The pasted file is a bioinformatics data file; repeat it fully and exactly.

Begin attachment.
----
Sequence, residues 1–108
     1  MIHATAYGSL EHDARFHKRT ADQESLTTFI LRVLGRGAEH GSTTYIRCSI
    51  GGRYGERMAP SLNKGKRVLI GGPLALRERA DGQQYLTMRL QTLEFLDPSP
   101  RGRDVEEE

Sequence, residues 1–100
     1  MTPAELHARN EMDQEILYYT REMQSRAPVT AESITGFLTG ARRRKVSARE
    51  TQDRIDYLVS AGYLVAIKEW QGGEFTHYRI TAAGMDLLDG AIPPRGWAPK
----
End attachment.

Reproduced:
Sequence, residues 1–108
     1  MIHATAYGSL EHDARFHKRT ADQESLTTFI LRVLGRGAEH GSTTYIRCSI
    51  GGRYGERMAP SLNKGKRVLI GGPLALRERA DGQQYLTMRL QTLEFLDPSP
   101  RGRDVEEE

Sequence, residues 1–100
     1  MTPAELHARN EMDQEILYYT REMQSRAPVT AESITGFLTG ARRRKVSARE
    51  TQDRIDYLVS AGYLVAIKEW QGGEFTHYRI TAAGMDLLDG AIPPRGWAPK